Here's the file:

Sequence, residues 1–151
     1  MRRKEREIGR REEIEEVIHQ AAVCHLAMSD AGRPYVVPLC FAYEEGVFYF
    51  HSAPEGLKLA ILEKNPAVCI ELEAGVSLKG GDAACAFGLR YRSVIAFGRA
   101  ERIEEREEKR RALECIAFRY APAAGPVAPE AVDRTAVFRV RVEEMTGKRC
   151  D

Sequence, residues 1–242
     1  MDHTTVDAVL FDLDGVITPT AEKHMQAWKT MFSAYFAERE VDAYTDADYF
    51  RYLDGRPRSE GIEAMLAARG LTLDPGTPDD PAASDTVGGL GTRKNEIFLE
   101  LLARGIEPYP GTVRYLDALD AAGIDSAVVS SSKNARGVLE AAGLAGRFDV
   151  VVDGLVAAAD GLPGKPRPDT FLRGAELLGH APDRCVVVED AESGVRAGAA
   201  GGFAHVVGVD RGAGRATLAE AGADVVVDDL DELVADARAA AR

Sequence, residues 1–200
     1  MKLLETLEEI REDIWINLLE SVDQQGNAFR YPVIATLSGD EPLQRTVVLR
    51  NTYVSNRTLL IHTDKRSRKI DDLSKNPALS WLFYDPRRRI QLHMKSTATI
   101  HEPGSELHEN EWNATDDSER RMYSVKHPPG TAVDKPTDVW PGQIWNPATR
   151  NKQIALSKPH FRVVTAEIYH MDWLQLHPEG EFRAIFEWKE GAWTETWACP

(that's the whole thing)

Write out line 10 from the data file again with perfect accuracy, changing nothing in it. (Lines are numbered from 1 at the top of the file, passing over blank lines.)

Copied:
   151  VVDGLVAAAD GLPGKPRPDT FLRGAELLGH APDRCVVVED AESGVRAGAA